Tei Shi Captures Essence of Millennial Generation in Debut LP Crawl Space

An LP is a chance for an artist to take us by the hand through a landscape of their own, a world of distinct images, sounds, and motifs. Tei Shi’s debut LP Crawl Space is a journey that feels current, exciting and vulnerable. It’s a gorgeous, atmospheric work where Valerie Teicher (Tei Shi) layers breathy vocals over gritty, industrial electronics, going from sexy to exposed to defiant to angry and back again.

The album, like Lorde’s Melodrama last year, seems to capture the essence of the millennial generation (or I might be projecting…). Crawl Space opens with the gritty grimy “Keep Running,” a confident beckoning for a lover to step up to the plate and do their relationship right. It’s the perfect snapshot of our young mindset: we feel entitled to a responsible, functional relationship (“Don’t hesitate, don’t make me wait / If you want my loving then you better start running“) yet when we don’t get it, insecurity takes over. The stronger we plead as the song crescendoes, the more desperate we sounds.

Similar youthful contradictions come up in the second track “Creep,” alternating between falsetto and hushed low tones in a hypnotic repetition of another command: “Leave and go quietly.” And there’s a melancholy beauty in this struggle for control that everyone who’s tried to whip their life into shape can relate to.

The third track “Baby” strips away the empowered exterior and offers a nonchalant perspective to a failing relationship, serving jazzy sounds and consolations (“Even though I’m dryin’ up on patience /
You know I’m the same me, maybe
“). There’s an honesty and young optimism that Tei Shi delivers even she’s evoking devastation.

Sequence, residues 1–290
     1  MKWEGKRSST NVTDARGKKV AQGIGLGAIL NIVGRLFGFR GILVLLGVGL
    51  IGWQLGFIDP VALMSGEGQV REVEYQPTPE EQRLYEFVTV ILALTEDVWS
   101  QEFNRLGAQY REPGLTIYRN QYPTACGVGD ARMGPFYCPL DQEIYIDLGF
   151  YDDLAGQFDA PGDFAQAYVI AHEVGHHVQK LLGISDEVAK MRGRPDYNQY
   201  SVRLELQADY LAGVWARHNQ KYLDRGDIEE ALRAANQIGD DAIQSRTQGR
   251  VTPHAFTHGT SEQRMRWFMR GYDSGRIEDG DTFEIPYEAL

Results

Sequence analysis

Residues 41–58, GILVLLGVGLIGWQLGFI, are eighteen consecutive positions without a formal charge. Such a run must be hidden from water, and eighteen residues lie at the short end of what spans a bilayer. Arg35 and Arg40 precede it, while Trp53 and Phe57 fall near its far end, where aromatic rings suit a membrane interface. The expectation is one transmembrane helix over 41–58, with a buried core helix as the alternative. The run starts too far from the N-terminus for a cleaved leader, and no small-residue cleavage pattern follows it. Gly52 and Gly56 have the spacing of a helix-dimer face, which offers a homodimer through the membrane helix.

The rest of the album loosely pursues the decay of this relationship. Stand-out track “Say You Do” is about a touching realization that the other person only perceives her from the outside. He or she hasn’t taken the time to take the relationship beyond its superficial surface, and Tei Shi is suffering because of this. One of the most poignant moments on the album happens in the bridge of the track:

And I never wanna ask of you
Anything that’s on my mind
Anything to show that I’m
Wanting more than the moment
No, I never wanna say to you
What I keep inside
‘Cause what I realized is
You don’t know me like you say you do

One more track that I feel like deserves to be addressed is “Lift Me“, which completely captures the inside of an anxious 20-something’s head in sound form. It’s a groovy party tune with syrupy synth melodies and a bubbly beat, yet the lyrics are anything but fun. The first verse poses a knotty problem: “What if I don’t know how to be my friend?” while the second attacks a certain someone “Yeah, you’re so fuckin’ real / Well, all your honesty’s just a brand / It makes me feel so anxious.” It’s an ode to the complicated subjective stories we navigate with our friends, on social media or while applying for jobs.

The takeaway is that we are all equally confused and uneasy about out lives, but we can embrace the feel-good moments and try to enjoy the rest for what it’s worth. And we can listen to this wonderful, empathetic collection of sultry vocals, vulnerable lyrics and soft grooves.

I didn’t find an appropriate place in this piece to incorporate the interludes of a young Valerie learning to record cassettes with her father, confessing to the world that she’s a bad girl and hoping to one day be like Britney Spears. They are super simple, but offer a sensual depth to the artist in front of our lives, and I’m living for them.

If you enjoyed the album and/or reading this post, let me know in the comments below. Complement Tei Shi with dreamy pop star Allie X’s latest offering and a long piece on how female pop stars lost and are regaining their voices.